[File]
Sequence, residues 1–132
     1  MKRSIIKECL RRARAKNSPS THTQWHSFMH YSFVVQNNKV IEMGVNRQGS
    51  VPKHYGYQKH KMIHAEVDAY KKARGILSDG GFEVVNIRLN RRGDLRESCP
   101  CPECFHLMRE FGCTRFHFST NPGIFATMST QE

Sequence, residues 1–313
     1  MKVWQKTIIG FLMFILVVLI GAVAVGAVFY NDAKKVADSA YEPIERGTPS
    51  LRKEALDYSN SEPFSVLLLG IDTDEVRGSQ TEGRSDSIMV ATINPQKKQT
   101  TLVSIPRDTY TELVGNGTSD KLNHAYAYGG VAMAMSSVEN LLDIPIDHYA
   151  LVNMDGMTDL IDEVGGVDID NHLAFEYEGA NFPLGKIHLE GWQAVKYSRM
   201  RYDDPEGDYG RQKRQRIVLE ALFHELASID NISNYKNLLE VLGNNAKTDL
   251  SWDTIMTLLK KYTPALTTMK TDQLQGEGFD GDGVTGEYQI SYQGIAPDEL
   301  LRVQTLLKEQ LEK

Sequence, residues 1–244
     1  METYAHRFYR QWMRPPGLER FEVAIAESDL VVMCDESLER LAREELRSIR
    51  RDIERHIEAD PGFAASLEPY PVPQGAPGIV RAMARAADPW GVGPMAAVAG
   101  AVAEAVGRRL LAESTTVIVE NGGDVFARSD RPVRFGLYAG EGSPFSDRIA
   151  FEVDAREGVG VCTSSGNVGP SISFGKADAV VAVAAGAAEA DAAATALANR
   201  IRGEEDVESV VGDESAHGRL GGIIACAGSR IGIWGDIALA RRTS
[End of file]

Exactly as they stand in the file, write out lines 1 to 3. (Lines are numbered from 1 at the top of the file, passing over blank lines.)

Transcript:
Sequence, residues 1–132
     1  MKRSIIKECL RRARAKNSPS THTQWHSFMH YSFVVQNNKV IEMGVNRQGS
    51  VPKHYGYQKH KMIHAEVDAY KKARGILSDG GFEVVNIRLN RRGDLRESCP